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Is financial freedom possible for someone like me?

If you’re walking around with a pulse, then yes it is.


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Kayus Fernander

3 years ago | 8 min read

Unless you’ve been living under a rock for the past 30 years, you’ll be familiar with the terms “financial freedom” and “financial independence” or some variation of the two.

And depending on your perspective, these terms might either fill you with intrigue (and visions of some alternative version of yourself, lounging on a beach or boarding a private jet to some fabulous destination) or with annoyance/dread (i.e. please don’t remind me that I’m broke, struggling and generally hating life).

I totally get why this subject can leave people feeling totally confused, anxious and wondering whether it even applies to them. So what does it all mean? What does it mean to be financially free or financially independent? Why should I care and can I even achieve either of these things?

“Financial freedom? What the hell does that even mean? Never having to pay for anything ever again? Sweet!”

Let me tell you that when I first heard the term “financial freedom”, I had absolutely no idea what it meant. In some ways, I suppose that I was led to the concept because of the difficulties that I was facing at the time. I was a young, recent college graduate.

I’d moved to Chicago and was really struggling in life. I’d left university with about $10,000 of debt (mostly past due university fees and credit cards), to which I promptly added another $7,000 in debt (just to afford living in the city) and I bought a wholly unreliable car, that ended up costing me $5,000 in repairs. I was totally sinking and not enjoying life.

Sound familiar? Anyway, a good friend introduced me to Suze Orman, who was (and still is) a personal finance guru with her own TV show. I was immediately hooked by her style of delivery and easily digestible, tough love approach to money matters. Then she introduced the idea of “financial freedom”.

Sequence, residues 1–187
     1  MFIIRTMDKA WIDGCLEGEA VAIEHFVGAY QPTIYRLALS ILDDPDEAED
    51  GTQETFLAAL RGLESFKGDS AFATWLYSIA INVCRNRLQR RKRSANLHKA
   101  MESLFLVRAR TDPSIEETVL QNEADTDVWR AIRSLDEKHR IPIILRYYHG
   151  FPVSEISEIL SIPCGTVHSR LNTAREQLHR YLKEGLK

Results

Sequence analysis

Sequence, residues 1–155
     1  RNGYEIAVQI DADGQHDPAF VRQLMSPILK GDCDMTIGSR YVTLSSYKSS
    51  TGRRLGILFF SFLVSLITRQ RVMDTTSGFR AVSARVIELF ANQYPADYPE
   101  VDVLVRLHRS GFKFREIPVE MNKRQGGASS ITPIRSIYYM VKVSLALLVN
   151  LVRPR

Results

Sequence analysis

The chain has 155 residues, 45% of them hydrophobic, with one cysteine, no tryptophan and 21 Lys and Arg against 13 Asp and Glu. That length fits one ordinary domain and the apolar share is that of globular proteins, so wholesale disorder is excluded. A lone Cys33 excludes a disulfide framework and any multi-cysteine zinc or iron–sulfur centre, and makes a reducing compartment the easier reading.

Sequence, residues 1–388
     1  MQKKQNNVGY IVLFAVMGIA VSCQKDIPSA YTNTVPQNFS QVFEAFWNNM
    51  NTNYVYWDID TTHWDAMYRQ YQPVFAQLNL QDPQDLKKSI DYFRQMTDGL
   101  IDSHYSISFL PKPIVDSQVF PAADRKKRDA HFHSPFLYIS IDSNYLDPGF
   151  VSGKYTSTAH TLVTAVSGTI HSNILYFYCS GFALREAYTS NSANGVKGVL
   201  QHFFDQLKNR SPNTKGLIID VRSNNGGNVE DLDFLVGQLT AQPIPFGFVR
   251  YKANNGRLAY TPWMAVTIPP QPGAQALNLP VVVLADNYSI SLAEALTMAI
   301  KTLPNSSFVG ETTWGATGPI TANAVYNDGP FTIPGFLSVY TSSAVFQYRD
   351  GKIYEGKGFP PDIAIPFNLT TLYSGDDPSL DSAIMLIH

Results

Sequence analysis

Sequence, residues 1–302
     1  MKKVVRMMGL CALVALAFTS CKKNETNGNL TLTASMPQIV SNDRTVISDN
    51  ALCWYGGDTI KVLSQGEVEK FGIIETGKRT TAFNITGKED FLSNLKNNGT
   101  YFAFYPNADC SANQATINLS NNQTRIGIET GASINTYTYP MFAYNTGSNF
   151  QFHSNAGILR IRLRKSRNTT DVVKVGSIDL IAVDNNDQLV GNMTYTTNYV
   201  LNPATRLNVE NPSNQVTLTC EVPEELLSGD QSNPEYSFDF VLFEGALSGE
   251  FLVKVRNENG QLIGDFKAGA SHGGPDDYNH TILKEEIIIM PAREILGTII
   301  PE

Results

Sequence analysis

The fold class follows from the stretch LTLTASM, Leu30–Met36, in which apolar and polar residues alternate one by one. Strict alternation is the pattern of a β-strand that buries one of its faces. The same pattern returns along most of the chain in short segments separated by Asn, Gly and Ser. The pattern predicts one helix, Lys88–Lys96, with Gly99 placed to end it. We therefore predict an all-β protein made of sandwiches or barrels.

What the hell did that even mean? Never having to pay for anything ever again? Sounds pretty sweet to me. And also totally wrong.

It was the idea of being in a comfortable financial position, so that the usual burdens of life would no longer be, well…..burdensome.

This was SUCH a foreign concept to me, as I’m sure it is for most people. Never having to worry about money? Well, that’s something for the super rich, right? I’d seen so many people worry about money my entire life, it just seemed like something that came with the territory of being a living, breathing human on planet Earth. How could anyone achieve financial freedom?

What is it?

A quick Google search makes it pretty clear. Investopedia defines financial freedom as “having enough savings, investments, and cash on hand to afford the lifestyle we want for ourselves and our families — and a growing nest egg that will allow us to retire or pursue the career we want without being driven by earning a certain amount each year”. OK, that sounds like a pretty cool place to be.

Who wouldn’t want that? Isn’t that why we all drag ourselves out of bed each morning? To be able to afford the lifestyle that we want?

Absolutely. But it’s the beginning of the sentence that really gets to the heart of this idea of financial freedom: HAVING ENOUGH.

Think about it, if you have enough, then you really don’t need much more. In other words, rolling around in swimming pools of cash is not necessary for financial freedom, because for the vast majority of us, that would be MORE than enough than what we actually need for the lifestyles that we want.

This is a really important idea for me, and I think for most people too. Because it means that we don’t have to stress out or feel that we’re failures in life, if we’re not super-wealthy or earning seven-figure salaries every year. Clearly, that’s not necessary for financial freedom (although it definitely wouldn’t hurt).

This house. This car. If you’re not living this life, then you might as well GIVE UP NOW! Photo by Anastase Maragos on Unsplash

So if financial freedom means having enough, then the starting point must be: how much is enough for me and my family? What is the life that I want to be able to live and how do I get there? For most people, they’re probably able to answer this question. I know that I can now, but for the first several years of my working life, I didn’t have a clue. And the funny thing is, the clues and answers were all around.

For example, growing up, I saw that it was important to own a home and property assets, because they provided a good foundation for a family and provided financial security when needed. I also saw the difficulty that my parents and others around me faced to educate their children, because of the high costs of higher education. So, for me, I had very clear examples of things that I wanted to achieve in my life, that would represent “financial freedom”.

Being debt-free (the ultimate freedom, because not owing anyone means that all my income is mine). Owning a home outright. Having investments that serve as a financial safety net. Being able to afford higher education for my children. The list goes on.